The First Trust Economics Workshop
University College London, England -23 June 2009-(in conjunction with WEIS 2009)
Directions to the venue of The First Trust Economics Workshop can be found here.
To register for the workshop, please email Philip Inglesant at email@example.com. Registration is free, but attendance will be limited to 40 to maintain the informal nature of the workshop. Registrants will receive proceedings with extended abstracts and a copy of Invited Speaker Dr. Ann Cavoukian’s recent book ‘Privacy by Design … Take the Challenge’.
The first Trust Economics workshop discusses techniques, methods and tools for security decision making, taking into account economic, business and organizational concerns, human factors and information security technology (a ‘whole-system’ view).
As a motivating example, enterprises and government face increasingly difficult and important security decisions related to privacy and confidentiality of data of customers and citizens. How can we improve the decision making in such situations: what weaknesses exist in the state of the art, what information do we need, what (mathematical) tools can we use and what software tools can make a difference?
The purpose of the workshop is to initiate discussions about fundamentally new methods for security decision making based on sound mathematical tools utilizing deep understanding of business, human and technological aspects. We therefore invite contributions from all three areas (economics & business, human factors and technology), to discuss its potential for and relation to information security decision making.
We solicit extended abstracts of 2 to 4 pages, including position and work-in-progress papers. The areas of interest are, among others:
– probabilistic, stochastic, economic and formal models
– human factors in security and human behavioural modelling
– state-of-the-art enterprise software for security decision making
– software tools to support decision making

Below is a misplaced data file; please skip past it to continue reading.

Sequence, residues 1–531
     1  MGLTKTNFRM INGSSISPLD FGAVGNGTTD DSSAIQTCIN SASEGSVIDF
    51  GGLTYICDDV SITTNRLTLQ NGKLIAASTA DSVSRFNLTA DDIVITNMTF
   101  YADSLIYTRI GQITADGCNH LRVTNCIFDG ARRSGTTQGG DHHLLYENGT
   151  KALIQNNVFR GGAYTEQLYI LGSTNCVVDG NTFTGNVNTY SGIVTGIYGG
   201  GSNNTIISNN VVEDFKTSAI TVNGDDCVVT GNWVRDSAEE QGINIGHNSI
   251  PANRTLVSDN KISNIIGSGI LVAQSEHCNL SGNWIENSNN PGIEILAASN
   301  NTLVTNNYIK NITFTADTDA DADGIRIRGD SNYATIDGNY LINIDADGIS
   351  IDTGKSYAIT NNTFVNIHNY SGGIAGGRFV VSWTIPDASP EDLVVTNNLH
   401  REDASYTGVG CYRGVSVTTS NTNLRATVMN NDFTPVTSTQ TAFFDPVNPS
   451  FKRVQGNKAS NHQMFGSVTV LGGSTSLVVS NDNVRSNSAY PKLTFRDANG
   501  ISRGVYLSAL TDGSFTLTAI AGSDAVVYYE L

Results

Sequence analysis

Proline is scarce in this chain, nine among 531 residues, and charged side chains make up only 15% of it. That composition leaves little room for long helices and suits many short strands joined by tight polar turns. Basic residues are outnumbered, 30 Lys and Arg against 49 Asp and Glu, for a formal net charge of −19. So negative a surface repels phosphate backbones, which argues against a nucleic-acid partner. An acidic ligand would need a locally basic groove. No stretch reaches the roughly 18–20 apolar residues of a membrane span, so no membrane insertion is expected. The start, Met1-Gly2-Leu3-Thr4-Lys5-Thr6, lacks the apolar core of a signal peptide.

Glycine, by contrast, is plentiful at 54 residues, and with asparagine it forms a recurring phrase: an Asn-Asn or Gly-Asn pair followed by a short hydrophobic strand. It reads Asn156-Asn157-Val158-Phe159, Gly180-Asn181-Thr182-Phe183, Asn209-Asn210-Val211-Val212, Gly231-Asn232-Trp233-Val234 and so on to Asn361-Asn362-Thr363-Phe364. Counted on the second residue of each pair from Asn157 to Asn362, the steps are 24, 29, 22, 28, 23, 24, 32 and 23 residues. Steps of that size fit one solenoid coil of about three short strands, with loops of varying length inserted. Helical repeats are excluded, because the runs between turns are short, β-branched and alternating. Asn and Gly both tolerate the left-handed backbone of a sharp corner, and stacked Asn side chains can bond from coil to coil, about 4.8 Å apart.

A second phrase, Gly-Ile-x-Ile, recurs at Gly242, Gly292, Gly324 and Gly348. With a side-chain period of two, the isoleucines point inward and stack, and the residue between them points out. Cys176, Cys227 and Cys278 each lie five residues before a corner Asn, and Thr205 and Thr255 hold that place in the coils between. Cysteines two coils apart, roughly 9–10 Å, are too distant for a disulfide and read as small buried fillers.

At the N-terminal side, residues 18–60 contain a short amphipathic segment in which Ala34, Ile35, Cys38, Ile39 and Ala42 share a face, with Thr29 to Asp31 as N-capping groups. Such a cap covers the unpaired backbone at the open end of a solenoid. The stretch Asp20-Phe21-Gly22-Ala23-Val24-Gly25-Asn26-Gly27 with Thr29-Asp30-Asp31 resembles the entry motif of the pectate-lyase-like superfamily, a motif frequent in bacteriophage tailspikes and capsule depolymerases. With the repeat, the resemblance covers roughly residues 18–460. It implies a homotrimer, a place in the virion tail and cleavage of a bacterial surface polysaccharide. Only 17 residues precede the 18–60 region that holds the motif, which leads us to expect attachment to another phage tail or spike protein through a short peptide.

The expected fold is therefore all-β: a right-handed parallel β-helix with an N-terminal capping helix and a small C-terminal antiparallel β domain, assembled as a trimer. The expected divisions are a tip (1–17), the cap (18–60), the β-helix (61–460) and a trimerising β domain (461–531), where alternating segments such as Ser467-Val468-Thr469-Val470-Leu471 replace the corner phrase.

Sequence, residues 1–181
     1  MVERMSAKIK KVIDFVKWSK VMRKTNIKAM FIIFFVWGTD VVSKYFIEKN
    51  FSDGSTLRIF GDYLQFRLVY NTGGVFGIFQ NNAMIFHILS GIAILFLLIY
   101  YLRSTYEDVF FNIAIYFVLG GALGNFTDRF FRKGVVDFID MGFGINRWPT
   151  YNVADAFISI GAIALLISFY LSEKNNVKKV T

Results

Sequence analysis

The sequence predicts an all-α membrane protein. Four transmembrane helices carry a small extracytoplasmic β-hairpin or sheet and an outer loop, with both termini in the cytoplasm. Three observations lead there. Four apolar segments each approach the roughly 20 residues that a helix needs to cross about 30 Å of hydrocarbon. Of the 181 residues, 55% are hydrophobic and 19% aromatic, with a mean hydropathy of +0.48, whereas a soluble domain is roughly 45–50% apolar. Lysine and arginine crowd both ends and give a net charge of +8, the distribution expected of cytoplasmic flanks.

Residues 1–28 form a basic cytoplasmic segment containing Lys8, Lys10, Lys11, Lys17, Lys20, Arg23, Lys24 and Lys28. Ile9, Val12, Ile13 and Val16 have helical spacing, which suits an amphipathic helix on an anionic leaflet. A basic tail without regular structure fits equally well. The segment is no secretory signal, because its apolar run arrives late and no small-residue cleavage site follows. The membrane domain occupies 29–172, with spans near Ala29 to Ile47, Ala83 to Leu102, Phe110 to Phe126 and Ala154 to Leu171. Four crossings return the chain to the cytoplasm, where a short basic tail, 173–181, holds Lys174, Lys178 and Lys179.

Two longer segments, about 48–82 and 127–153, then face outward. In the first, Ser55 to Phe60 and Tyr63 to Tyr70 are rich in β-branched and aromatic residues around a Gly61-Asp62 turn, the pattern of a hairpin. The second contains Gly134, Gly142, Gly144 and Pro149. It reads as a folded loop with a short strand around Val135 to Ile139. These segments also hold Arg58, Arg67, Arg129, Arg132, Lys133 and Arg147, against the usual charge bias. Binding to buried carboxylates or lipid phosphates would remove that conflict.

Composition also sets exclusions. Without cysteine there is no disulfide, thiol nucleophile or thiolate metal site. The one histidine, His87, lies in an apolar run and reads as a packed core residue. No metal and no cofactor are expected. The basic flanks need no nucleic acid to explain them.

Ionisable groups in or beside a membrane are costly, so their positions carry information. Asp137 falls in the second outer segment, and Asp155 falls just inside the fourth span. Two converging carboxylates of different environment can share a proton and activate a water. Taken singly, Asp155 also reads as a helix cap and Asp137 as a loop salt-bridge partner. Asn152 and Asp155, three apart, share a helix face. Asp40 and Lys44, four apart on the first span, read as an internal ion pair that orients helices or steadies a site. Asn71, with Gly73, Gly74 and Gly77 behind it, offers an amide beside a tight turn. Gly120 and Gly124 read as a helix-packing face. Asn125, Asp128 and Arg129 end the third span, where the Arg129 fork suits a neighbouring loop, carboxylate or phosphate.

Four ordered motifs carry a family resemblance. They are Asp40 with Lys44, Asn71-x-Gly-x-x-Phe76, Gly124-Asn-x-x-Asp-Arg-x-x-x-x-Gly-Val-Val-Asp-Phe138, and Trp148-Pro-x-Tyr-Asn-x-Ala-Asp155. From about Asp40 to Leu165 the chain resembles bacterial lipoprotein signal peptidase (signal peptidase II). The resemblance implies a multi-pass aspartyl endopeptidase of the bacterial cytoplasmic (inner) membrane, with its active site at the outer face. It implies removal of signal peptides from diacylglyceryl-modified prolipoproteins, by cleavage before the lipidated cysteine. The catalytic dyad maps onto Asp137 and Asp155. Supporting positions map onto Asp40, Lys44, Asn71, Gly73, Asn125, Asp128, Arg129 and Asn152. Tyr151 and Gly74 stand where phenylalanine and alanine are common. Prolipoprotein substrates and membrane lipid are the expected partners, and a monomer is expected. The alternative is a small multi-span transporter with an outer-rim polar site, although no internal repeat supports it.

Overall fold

– security models and ontologies
– case studies in security decision-making
– measurement and monitoring of security solutions
– legal and regulatory issues
– risk and perception of risk
– business and organisational perspectives
Other subjects are most welcome—please address in your contribution how it (potentially) contributes to a whole-system view to information security decision making. Next to quality, the main selection criterion for acceptance is the potential and relevance to the topic of information security decision making.
|Notification of acceptance|
|Workshop||23 June, 2009 at UCL, London, UK|
Papers should be submitted to the workshop co-chairs on Friday, 22 May, 2009, preferably in PDF format. The workshop will publish a technical report collecting all accepted abstracts.
Aad van Moorsel (Newcastle University School of Computing Science, UK, firstname.lastname@example.org)
Julian Williams (University of Aberdeen Business School, UK, email@example.com)
Philip Inglesant (University College London, UK, firstname.lastname@example.org)
Simon Parkin (Newcastle University, UK, email@example.com)
Maciej Machulak (Newcastle University, UK, firstname.lastname@example.org)
Robert Coles (Merrill-Lynch)
Christos Ioannidis (U. Bath)
Hilary Johnson (U. Bath)
David Pym (HP Labs)
Angela Sasse (UCL)
Simon Shiu (HP Labs)
Details of accommodation for both the Trust Economics workshop and the WEIS conference can be found here.